A novel scanning water vapor differential absorption lidar (DIAL) system has been developed. This instrument is mobile
and was applied successfully in two field campaigns: COPS 2007 (Convective and Orographically-induced Precipitation
Study), a research and development project of the World Weather Research Programme, and FLUXPAT2009 within the
German Research Foundation project Patterns in Soil-Vegetation-Atmosphere Systems: monitoring, modeling and data
assimilation". In this paper, the instrument is described and its capabilities are illustrated with measurements examples.
The DIAL provides remote sensing data of the atmospheric water-vapor field with previously unachieved resolution. The
data products of the DIAL are profiles of absolute humidity with typical resolutions of 15 to 300 m with a temporal
resolution of 1 to 10 s and a maximum range of several kilometers at both day and night. But spatial and temporal
resolution can be traded off against each other. Intercomparisons with other instruments confirm high accuracy. Beside
humidity, also the backscatter field and thus aerosols and clouds are observed simultaneously.
The DIAL transmitter is based on an injection-seeded Titanium:Sapphire laser operated at 820 nm which is end-pumped
with a diode-pumped Nd:YAG laser. By use of a scanning transmitter with an 80-cm receiving telescope, the
measurements can be performed in any direction of interest and the 3-dimensional structure of the water vapor field can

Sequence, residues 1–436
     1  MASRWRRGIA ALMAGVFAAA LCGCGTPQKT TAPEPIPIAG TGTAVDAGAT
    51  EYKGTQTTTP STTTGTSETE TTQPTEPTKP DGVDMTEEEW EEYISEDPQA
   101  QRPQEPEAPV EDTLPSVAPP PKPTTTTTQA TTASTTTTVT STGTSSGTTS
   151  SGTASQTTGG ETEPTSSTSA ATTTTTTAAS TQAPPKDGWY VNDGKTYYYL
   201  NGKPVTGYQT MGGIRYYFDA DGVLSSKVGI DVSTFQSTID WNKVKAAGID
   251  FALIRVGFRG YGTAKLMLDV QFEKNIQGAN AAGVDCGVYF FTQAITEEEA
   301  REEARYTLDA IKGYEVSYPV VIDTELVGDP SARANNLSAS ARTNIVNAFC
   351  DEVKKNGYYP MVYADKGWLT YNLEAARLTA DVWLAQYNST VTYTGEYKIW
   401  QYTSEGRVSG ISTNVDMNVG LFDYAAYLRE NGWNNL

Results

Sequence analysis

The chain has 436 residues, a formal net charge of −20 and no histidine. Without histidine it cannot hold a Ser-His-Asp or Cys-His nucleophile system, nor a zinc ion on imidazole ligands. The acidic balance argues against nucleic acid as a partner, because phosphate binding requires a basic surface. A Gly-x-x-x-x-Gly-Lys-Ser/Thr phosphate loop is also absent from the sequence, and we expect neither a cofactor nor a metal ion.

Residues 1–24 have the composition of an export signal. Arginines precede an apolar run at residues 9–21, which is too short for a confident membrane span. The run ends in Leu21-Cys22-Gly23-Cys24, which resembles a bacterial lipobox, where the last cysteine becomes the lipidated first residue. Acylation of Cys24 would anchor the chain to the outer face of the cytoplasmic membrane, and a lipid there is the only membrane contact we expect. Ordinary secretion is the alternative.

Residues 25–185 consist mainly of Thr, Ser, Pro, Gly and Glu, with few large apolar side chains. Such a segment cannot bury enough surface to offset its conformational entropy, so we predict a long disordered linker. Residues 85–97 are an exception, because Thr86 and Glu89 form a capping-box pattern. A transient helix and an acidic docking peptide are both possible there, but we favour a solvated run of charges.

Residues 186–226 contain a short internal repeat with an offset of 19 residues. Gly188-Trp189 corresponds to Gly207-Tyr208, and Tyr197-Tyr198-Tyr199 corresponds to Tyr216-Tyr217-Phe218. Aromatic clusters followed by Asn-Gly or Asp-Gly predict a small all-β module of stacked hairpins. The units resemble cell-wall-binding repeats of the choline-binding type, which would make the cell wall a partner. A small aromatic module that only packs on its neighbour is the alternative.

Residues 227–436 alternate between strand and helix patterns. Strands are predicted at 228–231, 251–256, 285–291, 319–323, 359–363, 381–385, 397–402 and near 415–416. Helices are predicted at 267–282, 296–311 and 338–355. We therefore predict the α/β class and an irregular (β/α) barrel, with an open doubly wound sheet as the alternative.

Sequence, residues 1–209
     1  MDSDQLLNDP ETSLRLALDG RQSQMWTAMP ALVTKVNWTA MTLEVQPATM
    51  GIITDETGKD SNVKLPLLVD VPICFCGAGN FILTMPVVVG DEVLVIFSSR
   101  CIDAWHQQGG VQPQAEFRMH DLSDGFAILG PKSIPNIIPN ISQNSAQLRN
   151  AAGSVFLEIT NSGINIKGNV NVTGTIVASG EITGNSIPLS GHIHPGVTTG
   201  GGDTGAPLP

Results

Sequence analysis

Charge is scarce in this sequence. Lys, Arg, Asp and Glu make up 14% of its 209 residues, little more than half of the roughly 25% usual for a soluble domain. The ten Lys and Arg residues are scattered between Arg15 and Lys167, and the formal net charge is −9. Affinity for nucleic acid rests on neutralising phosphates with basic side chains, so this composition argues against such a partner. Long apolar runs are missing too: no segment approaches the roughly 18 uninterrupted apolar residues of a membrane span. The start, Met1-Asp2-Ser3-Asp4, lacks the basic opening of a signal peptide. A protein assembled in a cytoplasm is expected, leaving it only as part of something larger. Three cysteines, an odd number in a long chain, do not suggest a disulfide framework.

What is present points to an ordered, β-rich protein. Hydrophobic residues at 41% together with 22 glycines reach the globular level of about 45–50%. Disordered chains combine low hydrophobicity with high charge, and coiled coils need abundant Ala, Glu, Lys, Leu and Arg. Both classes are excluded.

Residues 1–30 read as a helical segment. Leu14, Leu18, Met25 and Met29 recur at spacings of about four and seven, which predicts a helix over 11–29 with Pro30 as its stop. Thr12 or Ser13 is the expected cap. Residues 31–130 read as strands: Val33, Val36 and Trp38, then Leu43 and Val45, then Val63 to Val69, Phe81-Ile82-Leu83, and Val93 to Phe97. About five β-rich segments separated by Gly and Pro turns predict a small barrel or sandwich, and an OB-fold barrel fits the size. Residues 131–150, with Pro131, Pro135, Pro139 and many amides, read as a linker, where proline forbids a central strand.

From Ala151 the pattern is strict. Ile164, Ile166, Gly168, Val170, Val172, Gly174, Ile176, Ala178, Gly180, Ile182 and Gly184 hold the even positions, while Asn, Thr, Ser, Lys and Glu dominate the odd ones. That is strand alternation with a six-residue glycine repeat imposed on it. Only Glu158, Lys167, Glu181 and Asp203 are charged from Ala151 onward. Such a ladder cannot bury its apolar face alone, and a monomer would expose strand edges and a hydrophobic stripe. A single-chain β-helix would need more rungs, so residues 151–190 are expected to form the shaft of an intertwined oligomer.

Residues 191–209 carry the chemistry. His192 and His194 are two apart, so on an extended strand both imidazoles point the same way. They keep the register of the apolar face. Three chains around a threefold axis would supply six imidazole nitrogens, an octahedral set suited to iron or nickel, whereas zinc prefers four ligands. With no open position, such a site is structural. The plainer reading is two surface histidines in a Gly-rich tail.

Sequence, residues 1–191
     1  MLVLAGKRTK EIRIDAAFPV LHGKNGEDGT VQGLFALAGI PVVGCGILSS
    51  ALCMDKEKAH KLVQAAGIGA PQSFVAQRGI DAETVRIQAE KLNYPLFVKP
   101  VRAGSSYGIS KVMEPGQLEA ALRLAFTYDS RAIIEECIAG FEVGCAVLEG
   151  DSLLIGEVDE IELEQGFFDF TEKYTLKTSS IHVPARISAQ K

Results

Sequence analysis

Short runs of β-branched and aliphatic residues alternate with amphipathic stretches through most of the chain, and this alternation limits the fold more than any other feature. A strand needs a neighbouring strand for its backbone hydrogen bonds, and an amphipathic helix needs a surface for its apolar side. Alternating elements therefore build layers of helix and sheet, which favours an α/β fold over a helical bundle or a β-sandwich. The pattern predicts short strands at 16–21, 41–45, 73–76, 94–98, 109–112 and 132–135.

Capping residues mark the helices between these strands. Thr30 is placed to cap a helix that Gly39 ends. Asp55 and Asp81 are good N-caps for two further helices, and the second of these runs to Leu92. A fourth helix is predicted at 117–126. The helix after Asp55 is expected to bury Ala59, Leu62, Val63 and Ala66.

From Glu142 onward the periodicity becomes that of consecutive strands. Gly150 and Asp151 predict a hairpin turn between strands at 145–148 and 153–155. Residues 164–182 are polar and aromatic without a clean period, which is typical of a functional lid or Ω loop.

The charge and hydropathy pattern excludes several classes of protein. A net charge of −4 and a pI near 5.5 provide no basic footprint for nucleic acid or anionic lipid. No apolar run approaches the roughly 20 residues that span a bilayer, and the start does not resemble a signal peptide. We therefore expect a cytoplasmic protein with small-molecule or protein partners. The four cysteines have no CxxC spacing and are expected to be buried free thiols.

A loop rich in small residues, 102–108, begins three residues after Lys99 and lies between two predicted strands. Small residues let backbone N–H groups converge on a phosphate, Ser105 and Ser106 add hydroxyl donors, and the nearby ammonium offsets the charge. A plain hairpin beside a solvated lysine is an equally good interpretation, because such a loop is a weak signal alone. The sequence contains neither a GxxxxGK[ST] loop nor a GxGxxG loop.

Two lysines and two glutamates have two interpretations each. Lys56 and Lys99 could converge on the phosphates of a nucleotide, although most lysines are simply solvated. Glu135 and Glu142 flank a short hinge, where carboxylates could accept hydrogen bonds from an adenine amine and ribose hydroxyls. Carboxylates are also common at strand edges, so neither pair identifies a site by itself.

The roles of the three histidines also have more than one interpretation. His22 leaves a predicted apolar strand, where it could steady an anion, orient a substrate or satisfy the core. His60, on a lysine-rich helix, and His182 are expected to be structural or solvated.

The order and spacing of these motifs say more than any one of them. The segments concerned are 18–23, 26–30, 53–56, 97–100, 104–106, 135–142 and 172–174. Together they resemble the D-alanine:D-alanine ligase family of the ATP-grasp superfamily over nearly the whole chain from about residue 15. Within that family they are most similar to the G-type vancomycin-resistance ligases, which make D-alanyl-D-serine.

Three lidar systems are currently in development at University of Hohenheim. A water vapor lidar based on the differential absorption lidar (DIAL) technology working near 815 or 935 nm, a temperature and aerosol lidar employing the rotational Raman technique at 355 nm, and an aerosol lidar working with eye-safe laser radiation near 1.5 μm. The transmitters of these three systems are based on an injection-seeded, diode laser pumped Nd:YAG laser with an average power of 100 W at 1064 nm and a repetition rate of 250 Hz. This laser emits a nearly Gaussian-shaped beam which permits frequency-doubling and tripling with high efficiencies. The frequency-doubled 532-nm radiation is employed for pumping a Ti:Sapphire ring-resonator which will be used for DIAL water vapor measurements. In a second branch, a Cr4+:YAG crystal is pumped with the 1064-nm radiation to reach 1400 to 1500 nm for eye-safe monitoring of aerosol particles and clouds. The 532 and 1064 nm radiation are also used for backscatter lidar observations. Frequency tripling gives 355-nm radiation for measurements of temperature with the rotational Raman technique and particle extinction and particle backscattering coefficients in the UV. High transmitter power and effective use of the received signals will allow scanning operation of these three lidar systems. The lidar transmitters and detectors are designed as modules which can be combined for simultaneous measurements with one scanning telescope unit in a ground-based mobile container. Alternatively, they can be connected to different Nd:YAG pump lasers and to telescope units on separate platforms.